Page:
First, Serbia is largely dependent on Europe. About one million Serbs work in European countries, providing a level of quality of life and their relatives in their historic homeland. Only in 2011 the European Investment Bank (EIB) granted to the Serbian project loans totaling 859 million euros. We should not forget that in the last decade, Serbia has become one of the largest borrowers of the bank. The European Bank for Reconstruction and Development (EBRD) is equally active in this Balkan republic, especially in energy and transport. The EBRD has invested three billion euros in 180 infrastructure projects. The position of Europe in the recognition of Abkhazia and South Ossetia is clear: the state of the two former autonomies of the Georgian SSR speech can't go. At the time, even less dependent on the EU, Belarus' President Alexander Lukashenko, refrained from recognizing the independence of Abkhazia and South Ossetia, as he did not want to issue an open challenge to the united Europe.

Second, the president of Serbia is not the same as the head of state in Russia or Belarus. The Parliament in this Balkan republic is much more powerful as it takes part in the formation of the executive branch of the national government. Meanwhile, Nikolic has no "controlling interest" in the country's highest representative body. In the parliamentary elections held on May 6th, 2012 neither his supporters nor the supporters of Boris Tadic won a majority. Many things will depend on the position of the Socialist Party and its leader, Ivica Dacic who could potentially support Boris Tadic as the Prime-Minister of the Serbian government. Thus Nikolic simply will not have power prerogatives to recognize the Abkhaz and South Ossetia's independence by his decree without the parliamentary procedures.

Third, within Serbia itself, for obvious reasons, there are strong fears of separatist threats as well as precedents of secession. Naturally, in foreign policy the concept of "standards" and "principles" is very relative. Since Russia does not recognize Kosovo's independence, it supports two breakaway republics Abkhazia and South Ossetia. In contrast, the United States, one of the main supporters and promoters of Kosovo's independence, criticized Russia for its unilateral action in the South Caucasus. Turkey, which is one of the first countries to recognize the statehood of the former Serbian Autonomous Region and the only UN member that has recognized the independence of the Turkish Republic of Northern Cyprus, at the same time protects the territorial integrity of Azerbaijan and is involved in a land blockade of Armenia, which in turn ensures the safety of the unrecognized Nagorno-Karabakh Republic. But today's Serbia does not have the resources that were even remotely commensurate with the capabilities of Russia and Turkey, not to mention the United States. Hence there are practically no opportunities to use the "double standards" in its foreign policy. Especially since, in addition to the de facto breakaway of Kosovo (today its independence recognized by 90 states, that is, 46.8% of the total number of members of the UN) in Serbia, there are other problematic areas. This is, first of all, the situation in the autonomous province of Vojvodina. Ethnic Hungarians compose 14% of its population. However the issue of Vojvodina (the most economically developed part of Serbia) - is not only ethnic separatism and the danger of support directly from Budapest (where nationalist tendencies intensified rapidly in recent years), but also the aspirations of local Serbs and other ethnic communities in the province to a maximum autonomy from interference from Belgrade. The second "problem site" is the situation in Sanjak (Sandzhak), an area located in the southwest near the border between Serbia and Montenegro and populated by Slavs - the Muslims constitute 65% of the total population of the territory. In 2011 the first representation of Sanjak was opened abroad. According to chairman of the Executive Committee of the National Chamber of Sanjak Sead Shachirovich, it is necessary to put the issue of granting autonomy to the region on the international agenda. And, of course after the de facto separation of Kosovo "the Albanian question" is still here. In Southern Serbia (Presevo, Bujanovac, Medveja), near the border with Macedonia the ethnic Albanians compose the majority of population (over 57,000 of the total number of 90,000). From time to time the situation in Southern Serbia becomes a subject of intense debate, both domestically and in neighboring states. The ghost of the \"second Kosovo" is more than noticeable. In this context, the idea of supporting separatism in Eurasia could be blocked in Serbia because of domestic policy considerations.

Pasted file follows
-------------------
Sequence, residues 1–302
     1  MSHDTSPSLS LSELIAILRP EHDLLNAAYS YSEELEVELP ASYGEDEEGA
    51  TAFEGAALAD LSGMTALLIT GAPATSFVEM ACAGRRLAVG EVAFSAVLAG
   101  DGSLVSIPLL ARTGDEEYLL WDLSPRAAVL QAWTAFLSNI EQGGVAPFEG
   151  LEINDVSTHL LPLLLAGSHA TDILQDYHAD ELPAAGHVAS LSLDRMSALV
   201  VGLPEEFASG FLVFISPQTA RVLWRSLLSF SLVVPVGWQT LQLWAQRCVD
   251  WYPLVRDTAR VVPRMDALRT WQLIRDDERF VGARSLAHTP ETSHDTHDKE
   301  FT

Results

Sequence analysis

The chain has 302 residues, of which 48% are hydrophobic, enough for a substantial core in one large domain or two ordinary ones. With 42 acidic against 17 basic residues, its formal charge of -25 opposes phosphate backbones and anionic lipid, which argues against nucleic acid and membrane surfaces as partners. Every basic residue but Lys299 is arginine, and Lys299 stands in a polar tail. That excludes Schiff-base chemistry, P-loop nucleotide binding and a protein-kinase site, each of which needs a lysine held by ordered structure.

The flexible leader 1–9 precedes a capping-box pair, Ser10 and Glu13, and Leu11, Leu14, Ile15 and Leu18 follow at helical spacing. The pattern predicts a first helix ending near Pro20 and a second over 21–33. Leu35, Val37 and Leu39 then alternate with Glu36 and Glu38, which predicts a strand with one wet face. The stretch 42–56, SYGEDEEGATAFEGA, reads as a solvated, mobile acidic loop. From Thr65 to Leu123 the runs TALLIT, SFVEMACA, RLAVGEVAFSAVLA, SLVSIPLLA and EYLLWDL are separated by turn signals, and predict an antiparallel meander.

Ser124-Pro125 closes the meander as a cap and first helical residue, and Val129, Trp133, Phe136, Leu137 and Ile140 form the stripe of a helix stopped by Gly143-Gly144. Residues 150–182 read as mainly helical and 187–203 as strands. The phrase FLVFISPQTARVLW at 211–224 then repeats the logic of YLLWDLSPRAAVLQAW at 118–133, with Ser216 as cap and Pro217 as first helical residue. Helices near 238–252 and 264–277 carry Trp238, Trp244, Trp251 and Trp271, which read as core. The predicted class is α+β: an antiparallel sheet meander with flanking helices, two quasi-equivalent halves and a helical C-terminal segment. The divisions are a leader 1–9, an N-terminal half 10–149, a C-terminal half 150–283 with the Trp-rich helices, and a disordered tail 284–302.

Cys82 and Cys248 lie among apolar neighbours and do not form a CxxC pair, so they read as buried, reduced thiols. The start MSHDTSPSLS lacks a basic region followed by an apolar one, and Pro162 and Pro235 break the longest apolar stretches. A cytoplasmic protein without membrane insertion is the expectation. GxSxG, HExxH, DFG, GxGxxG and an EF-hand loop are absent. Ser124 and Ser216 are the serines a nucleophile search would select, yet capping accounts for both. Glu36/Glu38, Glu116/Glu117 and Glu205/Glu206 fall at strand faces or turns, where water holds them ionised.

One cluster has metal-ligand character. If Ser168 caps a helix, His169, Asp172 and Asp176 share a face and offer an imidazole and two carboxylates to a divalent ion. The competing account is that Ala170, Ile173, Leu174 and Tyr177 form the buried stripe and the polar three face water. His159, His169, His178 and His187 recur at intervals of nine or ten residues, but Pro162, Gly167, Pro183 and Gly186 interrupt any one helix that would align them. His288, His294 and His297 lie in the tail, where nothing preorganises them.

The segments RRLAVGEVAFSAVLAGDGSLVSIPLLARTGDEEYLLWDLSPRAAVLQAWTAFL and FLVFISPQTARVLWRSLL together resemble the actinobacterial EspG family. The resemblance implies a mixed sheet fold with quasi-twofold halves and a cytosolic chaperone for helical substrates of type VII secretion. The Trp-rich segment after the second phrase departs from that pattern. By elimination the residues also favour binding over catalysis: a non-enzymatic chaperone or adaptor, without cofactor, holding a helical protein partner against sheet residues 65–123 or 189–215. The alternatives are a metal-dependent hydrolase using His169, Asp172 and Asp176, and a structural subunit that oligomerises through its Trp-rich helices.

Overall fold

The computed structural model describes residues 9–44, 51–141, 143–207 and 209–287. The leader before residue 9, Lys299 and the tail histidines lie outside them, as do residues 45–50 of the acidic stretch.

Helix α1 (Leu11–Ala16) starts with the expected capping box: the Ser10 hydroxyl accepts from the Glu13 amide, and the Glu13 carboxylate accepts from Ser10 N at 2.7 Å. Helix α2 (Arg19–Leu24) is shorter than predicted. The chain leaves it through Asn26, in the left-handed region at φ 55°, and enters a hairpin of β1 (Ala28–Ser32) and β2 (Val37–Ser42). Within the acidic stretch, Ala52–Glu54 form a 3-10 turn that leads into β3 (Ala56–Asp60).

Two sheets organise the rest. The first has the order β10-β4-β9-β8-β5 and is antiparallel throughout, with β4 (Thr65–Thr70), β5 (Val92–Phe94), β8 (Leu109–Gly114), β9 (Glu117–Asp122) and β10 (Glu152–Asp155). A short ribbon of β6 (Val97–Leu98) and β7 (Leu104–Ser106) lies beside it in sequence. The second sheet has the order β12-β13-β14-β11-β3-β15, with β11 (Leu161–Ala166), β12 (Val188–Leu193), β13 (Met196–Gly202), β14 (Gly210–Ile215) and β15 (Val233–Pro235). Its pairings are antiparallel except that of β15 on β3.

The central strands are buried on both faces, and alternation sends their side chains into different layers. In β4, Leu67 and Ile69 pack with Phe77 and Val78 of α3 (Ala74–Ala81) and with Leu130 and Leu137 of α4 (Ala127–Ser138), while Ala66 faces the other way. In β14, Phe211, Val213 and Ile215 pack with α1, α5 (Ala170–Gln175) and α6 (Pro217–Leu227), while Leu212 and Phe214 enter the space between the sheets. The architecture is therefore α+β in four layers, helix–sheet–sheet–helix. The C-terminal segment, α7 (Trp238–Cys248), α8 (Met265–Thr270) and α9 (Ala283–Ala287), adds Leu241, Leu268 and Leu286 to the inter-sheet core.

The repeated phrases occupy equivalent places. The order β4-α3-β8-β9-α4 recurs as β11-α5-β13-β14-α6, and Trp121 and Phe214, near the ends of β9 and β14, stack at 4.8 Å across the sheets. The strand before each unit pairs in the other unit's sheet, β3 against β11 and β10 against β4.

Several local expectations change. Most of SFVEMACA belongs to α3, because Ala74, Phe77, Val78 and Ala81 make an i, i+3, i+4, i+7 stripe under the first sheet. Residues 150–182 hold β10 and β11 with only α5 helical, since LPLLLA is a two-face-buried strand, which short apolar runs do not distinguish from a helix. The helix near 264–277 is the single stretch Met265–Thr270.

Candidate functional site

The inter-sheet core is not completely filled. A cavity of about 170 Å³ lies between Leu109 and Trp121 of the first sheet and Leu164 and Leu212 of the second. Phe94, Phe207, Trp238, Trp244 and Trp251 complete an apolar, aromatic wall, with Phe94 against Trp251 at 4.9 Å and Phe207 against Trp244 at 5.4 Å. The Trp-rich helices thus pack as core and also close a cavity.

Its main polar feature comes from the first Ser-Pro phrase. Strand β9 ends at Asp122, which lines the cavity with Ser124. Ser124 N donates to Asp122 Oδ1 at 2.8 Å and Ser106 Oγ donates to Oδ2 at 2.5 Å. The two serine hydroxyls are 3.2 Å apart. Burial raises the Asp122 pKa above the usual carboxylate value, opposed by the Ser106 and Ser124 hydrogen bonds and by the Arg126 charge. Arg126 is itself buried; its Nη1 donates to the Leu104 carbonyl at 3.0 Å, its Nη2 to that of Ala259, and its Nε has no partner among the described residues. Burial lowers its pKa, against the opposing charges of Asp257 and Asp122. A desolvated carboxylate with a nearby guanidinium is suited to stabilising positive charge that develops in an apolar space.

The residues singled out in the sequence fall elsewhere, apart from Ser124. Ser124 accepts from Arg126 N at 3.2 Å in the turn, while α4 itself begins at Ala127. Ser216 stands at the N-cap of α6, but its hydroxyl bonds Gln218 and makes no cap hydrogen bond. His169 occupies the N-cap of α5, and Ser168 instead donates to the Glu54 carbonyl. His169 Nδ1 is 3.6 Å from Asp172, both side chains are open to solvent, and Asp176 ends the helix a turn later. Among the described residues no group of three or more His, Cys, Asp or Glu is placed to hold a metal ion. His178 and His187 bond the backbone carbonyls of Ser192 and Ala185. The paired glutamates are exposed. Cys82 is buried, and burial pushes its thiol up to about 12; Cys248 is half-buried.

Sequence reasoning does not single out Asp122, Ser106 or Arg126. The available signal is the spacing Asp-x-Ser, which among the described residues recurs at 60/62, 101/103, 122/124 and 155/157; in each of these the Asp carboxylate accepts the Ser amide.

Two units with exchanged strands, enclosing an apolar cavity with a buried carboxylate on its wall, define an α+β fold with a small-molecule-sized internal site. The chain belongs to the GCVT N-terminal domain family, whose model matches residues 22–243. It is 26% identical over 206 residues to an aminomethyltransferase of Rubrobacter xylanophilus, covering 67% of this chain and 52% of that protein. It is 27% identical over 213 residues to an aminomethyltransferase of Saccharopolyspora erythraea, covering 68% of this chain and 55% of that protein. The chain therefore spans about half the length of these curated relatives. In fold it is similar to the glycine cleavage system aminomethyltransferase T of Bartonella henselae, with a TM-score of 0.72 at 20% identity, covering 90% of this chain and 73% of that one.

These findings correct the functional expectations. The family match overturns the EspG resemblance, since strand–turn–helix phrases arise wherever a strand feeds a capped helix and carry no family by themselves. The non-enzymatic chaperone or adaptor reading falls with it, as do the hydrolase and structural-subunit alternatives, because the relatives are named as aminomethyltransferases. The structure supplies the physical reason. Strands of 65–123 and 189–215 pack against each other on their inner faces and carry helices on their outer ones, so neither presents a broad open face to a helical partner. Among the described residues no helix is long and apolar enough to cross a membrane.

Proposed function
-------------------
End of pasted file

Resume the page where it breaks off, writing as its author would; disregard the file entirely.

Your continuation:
Thus, the chances that Belgrade will recognize Abkhaz and South Ossetia's independence soon are very minimal. Even if Nikolic managed to advance this issue, the Serbian political class would not give him unequivocal support.


Sergey Markedonov is a visiting fellow at the Center for Strategic and International Studies (CSIS), Russia and Eurasia Program, in Washington, DC